Elgin youth football teams going into Super Bowl undefeated
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Two undefeated youth football teams from Elgin will compete in their Super Bowl this weekend.
The teams from Elgin Youth Football and Cheer, known as the Elgin Bears, compete in the Chicagoland Youth Football League, which includes 283 teams from 45 communities and bills itself as the largest independent youth football league in the country. All coaches are trained and certified by USA Football, said Todd Wood, president of the Elgin organization.
Elgin's Lightweight Big 10 team of seventh- and eighth-graders, who won the title last year, plays the Barrington Broncos at 2:30 p.m. Saturday at Mundelein High School.
Quarterback Jordan Jones, an eighth-grader at Kenyon Woods Middle School in South Elgin, said the team put in a lot of hard work. "I'm excited," he said. "At the same time, we have something to prove from last year."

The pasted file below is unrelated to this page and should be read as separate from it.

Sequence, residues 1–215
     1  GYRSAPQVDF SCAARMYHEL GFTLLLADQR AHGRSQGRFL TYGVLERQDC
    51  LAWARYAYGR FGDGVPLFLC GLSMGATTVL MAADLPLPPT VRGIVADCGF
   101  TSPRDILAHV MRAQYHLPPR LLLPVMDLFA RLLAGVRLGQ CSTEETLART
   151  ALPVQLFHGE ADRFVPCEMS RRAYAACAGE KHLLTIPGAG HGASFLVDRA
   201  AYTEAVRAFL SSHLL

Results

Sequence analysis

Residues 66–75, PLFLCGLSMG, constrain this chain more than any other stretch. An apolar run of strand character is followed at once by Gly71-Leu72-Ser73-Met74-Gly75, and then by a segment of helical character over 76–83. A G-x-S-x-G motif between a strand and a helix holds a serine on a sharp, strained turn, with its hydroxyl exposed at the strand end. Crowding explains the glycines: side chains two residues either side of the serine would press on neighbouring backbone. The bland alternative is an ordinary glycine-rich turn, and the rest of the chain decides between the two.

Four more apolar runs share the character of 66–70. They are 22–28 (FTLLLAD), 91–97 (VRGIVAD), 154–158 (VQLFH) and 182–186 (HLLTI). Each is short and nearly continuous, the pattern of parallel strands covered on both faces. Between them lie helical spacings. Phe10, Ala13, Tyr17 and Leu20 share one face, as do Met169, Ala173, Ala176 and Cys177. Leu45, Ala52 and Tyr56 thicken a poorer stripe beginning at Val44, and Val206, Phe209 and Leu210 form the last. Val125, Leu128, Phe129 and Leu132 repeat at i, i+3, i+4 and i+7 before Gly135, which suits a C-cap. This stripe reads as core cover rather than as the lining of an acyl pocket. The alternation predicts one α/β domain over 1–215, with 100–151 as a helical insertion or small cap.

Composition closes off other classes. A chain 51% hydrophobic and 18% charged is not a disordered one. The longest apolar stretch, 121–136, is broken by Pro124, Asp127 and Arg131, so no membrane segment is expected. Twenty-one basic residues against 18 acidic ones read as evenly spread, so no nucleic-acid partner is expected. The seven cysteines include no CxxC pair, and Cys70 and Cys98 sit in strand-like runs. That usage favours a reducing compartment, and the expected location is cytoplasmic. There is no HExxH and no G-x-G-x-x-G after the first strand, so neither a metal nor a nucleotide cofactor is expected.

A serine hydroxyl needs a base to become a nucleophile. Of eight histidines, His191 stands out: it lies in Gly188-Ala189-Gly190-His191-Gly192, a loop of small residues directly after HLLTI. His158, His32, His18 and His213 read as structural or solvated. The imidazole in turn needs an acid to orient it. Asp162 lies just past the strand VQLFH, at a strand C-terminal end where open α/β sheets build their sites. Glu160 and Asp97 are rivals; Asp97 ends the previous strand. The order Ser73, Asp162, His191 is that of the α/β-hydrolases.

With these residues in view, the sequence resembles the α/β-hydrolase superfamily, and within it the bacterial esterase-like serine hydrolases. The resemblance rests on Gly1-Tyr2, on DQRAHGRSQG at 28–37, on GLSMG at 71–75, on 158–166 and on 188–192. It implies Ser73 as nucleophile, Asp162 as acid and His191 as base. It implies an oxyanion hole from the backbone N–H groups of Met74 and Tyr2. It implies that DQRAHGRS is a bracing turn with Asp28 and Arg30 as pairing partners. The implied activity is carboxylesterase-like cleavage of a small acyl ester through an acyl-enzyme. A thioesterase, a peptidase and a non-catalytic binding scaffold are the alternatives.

Elgin's Featherweight PAC 10 team plays the Wauconda Bulldogs at 10:30 a.m. Sunday at Willowbrook High School. The third- and fourth-graders from Elgin lost the title game last year after four overtimes.
That was a rough loss, said Featherweight PAC 10 defensive tackle Robert Capuzi, a fifth-grader at McKinley Elementary School in Elgin. "I was thinking that I needed to work harder, and I needed my friends to work hard as well, so that we can make it to the Super Bowl," he said. "Now we are playing in the Super Bowl and we're hoping we will win."
The Elgin teams are among only nine in the league undefeated this season, Wood said. The Super Bowl games will be streamed live and archived at visionfriendly.com/tcyfl.
The Elgin league, which begins practice in July, has about 145 kids from age 5 through eighth grade. Enrollment has decreased over the years, partly due to increased awareness about potential injuries and concussions, Wood said. But there are lots of benefits to the sport, he said.
"Football is a model for life," he said. "It's getting through adversity. Working with teammates. Working hard and dedicating yourself."
Football is kind of like school, Robert said. "You have to listen ... and if you mess up the play, everything is going to go wrong."
His father, also named Robert Capuzi, said football has been a positive influence on his son. "It keeps him active, it gives him a lot of friends. And structure-wise, learning-wise ..." he said. "It's all part of the game."